• Square — a game of the elementary skills of number-matching and teamwork (or, depending on who you're playing with, insanity and more insanity).
  • Whist — a popular team-based card game ancestral to Bridge.

Collectible Card Games

This genre combines the collectability of, for instance, baseball cards, with the mechanics of a card game. They generally have vivid artwork and complicated effects and strategies. Some take place in an original universe, and others are tie-ins to movies or TV series. Some are massively popular, with tournaments and thousands of cards.

Deckbuilding Games

Similar to CCGs in that players have individual decks, but they are created during the game from a shared pool. No collectibility is involved, and all players have equal access to cards.

"Dedicated Deck" games

Between CCGs and Deckbuilding Games are these, which use cards with illustrations to implement whatever game concept the designer had. Like in CCGs, these often have rule text printed on the cards and decks are set-up before the game. As in Deckbuilding Games, there's usually a fixed number of cards per deck that aren't collected individually, though there may be add-on decks.

    Examples 

Ganjifa

Ganjifa (aka Ganjapa or Gânjaphâ) is a card game from the Middle-East and Indian subcontinent. The cards can be circles or rectangles and have a long history. The Other Wiki has more.

Karuta

A number of different card sets and games that fall under two general categories, Portuguese-derived and Eawase Karuta. The original cards were imported to Japan by the Portuguese sailors.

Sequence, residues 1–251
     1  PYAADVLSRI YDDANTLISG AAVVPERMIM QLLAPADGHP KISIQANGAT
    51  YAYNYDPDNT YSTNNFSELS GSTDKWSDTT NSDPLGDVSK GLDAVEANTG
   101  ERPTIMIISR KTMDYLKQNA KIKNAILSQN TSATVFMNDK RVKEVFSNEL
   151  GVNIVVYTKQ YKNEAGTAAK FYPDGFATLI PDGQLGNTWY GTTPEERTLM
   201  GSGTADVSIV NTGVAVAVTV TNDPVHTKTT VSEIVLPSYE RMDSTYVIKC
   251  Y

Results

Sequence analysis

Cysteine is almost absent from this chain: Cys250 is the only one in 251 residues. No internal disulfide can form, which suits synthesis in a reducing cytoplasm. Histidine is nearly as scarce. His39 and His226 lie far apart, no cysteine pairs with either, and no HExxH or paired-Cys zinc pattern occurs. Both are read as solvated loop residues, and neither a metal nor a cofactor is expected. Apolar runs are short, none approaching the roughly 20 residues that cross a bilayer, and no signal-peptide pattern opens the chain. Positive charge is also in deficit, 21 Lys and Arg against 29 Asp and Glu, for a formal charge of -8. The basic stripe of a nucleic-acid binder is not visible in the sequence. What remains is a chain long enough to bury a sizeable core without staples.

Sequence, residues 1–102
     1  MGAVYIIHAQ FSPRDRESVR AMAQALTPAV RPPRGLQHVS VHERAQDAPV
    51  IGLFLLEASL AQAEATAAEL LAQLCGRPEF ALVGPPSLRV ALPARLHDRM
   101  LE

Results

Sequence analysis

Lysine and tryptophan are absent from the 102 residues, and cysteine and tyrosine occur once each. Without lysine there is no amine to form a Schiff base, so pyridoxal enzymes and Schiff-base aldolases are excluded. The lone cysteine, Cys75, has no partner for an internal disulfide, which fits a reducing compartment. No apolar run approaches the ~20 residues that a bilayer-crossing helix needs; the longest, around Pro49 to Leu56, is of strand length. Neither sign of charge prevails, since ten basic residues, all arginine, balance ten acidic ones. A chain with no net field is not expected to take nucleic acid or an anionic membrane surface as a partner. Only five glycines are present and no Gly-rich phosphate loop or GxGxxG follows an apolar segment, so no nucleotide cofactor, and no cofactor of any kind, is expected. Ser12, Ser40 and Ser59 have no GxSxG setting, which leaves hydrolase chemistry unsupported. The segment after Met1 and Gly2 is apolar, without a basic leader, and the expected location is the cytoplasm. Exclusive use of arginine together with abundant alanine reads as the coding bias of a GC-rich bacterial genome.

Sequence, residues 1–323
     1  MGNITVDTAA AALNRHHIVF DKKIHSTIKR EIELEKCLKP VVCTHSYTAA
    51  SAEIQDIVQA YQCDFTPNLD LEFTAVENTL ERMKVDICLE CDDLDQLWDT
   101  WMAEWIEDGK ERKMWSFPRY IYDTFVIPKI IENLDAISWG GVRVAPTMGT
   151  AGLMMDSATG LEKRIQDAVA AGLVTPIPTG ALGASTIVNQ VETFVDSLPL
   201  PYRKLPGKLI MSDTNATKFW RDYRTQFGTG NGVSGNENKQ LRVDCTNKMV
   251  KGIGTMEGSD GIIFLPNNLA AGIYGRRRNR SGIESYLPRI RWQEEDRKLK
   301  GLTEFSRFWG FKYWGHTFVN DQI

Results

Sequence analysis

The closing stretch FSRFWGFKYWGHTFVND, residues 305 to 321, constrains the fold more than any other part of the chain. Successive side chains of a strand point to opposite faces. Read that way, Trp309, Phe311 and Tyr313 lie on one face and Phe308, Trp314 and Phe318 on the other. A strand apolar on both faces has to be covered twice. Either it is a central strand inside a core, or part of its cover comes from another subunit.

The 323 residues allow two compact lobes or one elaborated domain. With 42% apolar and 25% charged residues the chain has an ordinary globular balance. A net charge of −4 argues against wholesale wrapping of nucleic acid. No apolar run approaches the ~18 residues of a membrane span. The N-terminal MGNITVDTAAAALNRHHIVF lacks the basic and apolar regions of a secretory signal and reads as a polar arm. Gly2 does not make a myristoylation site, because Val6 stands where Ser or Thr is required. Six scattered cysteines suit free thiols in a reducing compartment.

Examples 
  • Portuguese-derived Karuta
    • Hanafuda / Go-Stop — 48 card deck, with four cards for each month of the year. The Korean version Go-Stop adds jokers.
    • Harifuda / Hikifuda — 48 card deck with 8 copies of one through six cards.
    • Kabufuda — 40 card deck with Jacks as the only face card.
    • Komatsufuda — 48 card deck closest to the Portuguese deck, lacks 10s and has Tarot-style suits.
    • Unsun Karuta — 75 cards, has 5 suits with 15 ranks. There are three extra face cards and one extra suit compared to modern playing cards.
  • Eawase Karuta
    • Iroha Karuta — The game with yomifuda (reading cards) and torifuda (grabbing cards), with two sets of 100 poem cards.
    • Uta Karuta — Used for matching games, has 48 syllables in hiragana used to complete 48 proverbs.

Tarot Games

A family of games distantly related to Bridge and Whist and played with various forms of Tarot decks. French tarot is particularly interesting because of its three-against-one playing style, but there are other versions played in Italy and central Europe. The tarot deck was originally used for card games (before fortune-telling) and gave rise to the modern trump suits.

Pagat.com describes the rules for many card games around the world.

Oh, and don't mess with children's card games, because card games are Serious Business. Especially on motorcycles.

Alternative Title(s): Card Game

http://tvtropes.org/pmwiki/pmwiki.php/Main/CardGames